Saturday, March 24, 2007

Lucia Leave Referendums to Dictators

Last week, on Friday March 16, 2007, Chris Trotter had a delightful piece published in the Dominion Post manly how the average pleb in the street cannot be trusted with deciding the fate of such important pieces of legislation such as the Repeal of Section 59 of the Crimes Acts - aka the Anti-Smacking Bill.

I'm sure ZenTiger will have something to say about it, so I'm saving it here for posterity - just in case it vanishes from the Stuff website sometime in the future.

Leave referendums to dictators
The Dominion Post | Friday, 16 March 2007

FROM THE LEFT - CHRIS TROTTER
Judy, Judy, Judy, as Cary Grant apparently never said to Rita Hayworth in Only Angels Have Wings. Not to worry. If the impossibly suave Mr Grant never actually delivered his most memorable line, I will. Not to Rita Hayworth, of course, but to United Future MP Judy Turner.

Because what Cary did or did not say isn't really the point. The point is how he didn't say it: which was in a sort of descending glissando of disappointment that shows precisely my reaction to list MPs who publicly repudiate the very representative functions they were elected to fulfil.

So. "Judy, Judy, Judy, what on earth possessed you to introduce an amendment to Sue Bradford's private member's Bill requiring the issue of smacking to be decided by referendum?"

And not just any old sort of referendum either, but a referendum in which more than 60 per cent of the eligible voting population must have participated, and in which 60 per cent of those participating must have voted affirmatively.

Coming from an MP representing United Future – which, having received just 2.7 per cent of the party vote, nevertheless felt justified in vetoing the Cabinet participation of a party with 5.3 per cent of the party vote (the Greens) – this sudden conversion to the cause of direct democracy seems a trifle out of character.

Never mind. Let's accept that Judy's personal political credo holds direct democracy superior to representative democracy.

What, then, are the implications of government by referendum?

The referendum's most serious drawback as a mechanism for making important political decisions, especially on questions that involve a high degree of evidential and ethical complexity, is that it imposes upon those ultimately charged with deciding the issue not the slightest obligation to behave with diligence or integrity.

There is simply no way of gauging whether the citizen who enters the polling booth has devoted one month, or one minute, of thought to the referendum question: or whether he or she has read any of the relevant literature, or questioned any of the acknowledged experts. We cannot discover if they have a vested interest in the outcome, and haven't the slightest hint concerning their character. The citizenry's "Yes" or "No" vote is cast in secret: possibly after the most serious deliberation; but, equally possibly, out of the most appalling prejudice – we have absolutely no way of knowing.

Now, it may be objected that all of the above applies with equal force to general elections. Which is true. But with one crucial caveat. At a general election, the electorate merely decides who shall decide – it makes no decisions itself. What's more, having made their choice, voters are afforded all the opportunities for scrutiny and judgment of the decision-making process that referendums deny.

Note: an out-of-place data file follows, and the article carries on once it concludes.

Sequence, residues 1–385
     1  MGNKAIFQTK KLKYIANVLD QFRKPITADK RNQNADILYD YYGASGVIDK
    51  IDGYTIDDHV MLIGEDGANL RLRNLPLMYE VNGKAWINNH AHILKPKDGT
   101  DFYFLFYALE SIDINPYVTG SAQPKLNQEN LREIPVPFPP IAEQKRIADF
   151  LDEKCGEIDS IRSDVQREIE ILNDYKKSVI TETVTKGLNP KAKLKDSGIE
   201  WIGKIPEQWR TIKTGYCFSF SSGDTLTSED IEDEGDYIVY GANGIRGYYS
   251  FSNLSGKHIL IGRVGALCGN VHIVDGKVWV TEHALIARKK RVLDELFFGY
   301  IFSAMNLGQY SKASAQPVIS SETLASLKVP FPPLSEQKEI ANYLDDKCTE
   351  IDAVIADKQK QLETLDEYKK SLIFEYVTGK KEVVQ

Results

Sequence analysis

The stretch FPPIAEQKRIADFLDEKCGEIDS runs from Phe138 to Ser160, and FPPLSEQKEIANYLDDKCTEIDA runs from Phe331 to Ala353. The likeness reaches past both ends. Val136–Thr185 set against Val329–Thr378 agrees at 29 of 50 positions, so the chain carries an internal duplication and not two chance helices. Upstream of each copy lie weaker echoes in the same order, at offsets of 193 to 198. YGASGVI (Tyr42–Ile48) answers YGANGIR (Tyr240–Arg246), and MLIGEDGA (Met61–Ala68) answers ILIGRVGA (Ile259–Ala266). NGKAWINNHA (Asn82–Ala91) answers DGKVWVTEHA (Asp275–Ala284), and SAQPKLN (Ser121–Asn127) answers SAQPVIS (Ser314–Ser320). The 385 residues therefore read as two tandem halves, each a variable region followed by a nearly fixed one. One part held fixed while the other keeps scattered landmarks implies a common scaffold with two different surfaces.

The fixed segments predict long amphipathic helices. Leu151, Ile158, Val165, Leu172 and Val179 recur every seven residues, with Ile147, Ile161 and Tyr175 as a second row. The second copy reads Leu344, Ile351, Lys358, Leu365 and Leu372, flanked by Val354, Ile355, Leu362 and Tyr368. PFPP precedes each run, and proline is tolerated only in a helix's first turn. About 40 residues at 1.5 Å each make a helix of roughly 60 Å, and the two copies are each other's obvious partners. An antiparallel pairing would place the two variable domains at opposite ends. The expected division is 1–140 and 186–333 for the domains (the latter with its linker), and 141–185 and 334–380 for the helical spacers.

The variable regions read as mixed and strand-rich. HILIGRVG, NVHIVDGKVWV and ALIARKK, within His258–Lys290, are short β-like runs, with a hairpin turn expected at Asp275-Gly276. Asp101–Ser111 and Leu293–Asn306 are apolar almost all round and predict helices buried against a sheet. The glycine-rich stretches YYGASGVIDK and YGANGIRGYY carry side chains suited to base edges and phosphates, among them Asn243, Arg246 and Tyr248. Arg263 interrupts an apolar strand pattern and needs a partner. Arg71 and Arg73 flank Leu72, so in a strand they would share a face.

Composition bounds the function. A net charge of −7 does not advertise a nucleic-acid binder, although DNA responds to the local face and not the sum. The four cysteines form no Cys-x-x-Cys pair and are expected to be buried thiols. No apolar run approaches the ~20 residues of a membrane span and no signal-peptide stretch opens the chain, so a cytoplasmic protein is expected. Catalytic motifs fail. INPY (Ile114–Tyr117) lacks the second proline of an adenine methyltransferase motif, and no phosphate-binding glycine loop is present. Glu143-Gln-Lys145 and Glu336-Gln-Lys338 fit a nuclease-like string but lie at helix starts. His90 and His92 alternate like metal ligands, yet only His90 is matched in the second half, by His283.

Our system of representative democracy means that on contentious issues – like whether or not it should be lawful to forcefully correct a child – citizens can rest safe in the knowledge that the matter will not be decided on a whim.

In the case of the "Anti- Smacking" Bill, every MP has been subjected to the most intensive lobbying. The matter has been debated at length in party caucuses. A select committee has studied copious evidence, and heard the expert testimony of many dispassionate witnesses as well as the passionate opinions of numerous partisans. Committee members then drafted and distributed a report for the guidance of their colleagues.

Most importantly, every member of the House of Representatives has been required to declare their final judgment on the Bill by voting for or against it in public. If the electorate disapproves of the result, it has the opportunity to remove offending MPs in 18 months.

An errant citizenry is not removed so easily.

It's a sobering fact that referendums and plebiscites are among the most-valued political tools of demagogues and dictators. Why? Because they convey the impression of democracy, while simultaneously suppressing the very behaviour that gives democratic decision-making its legitimacy.

If there had been a clear majority against Sue Bradford's Bill, would Judy Turner have introduced her amendment? I suspect not. Had the numbers been in her favour, I suspect Judy's faith in representative democracy would have been undimmed.

But even then, Judy would have failed in her understanding of what it means to be a true representative of the people. Because, in her haste to uphold the "rights" of parents, she would have forgotten that children – like Jews and blacks – are people too.


Related Link: Stuff

1 comment(s):

ZenTiger said...

Yes indeed. Chris writes such leftist tripe, I feel duty bound to say something to bring some balance back to the world.

Selective Democracy

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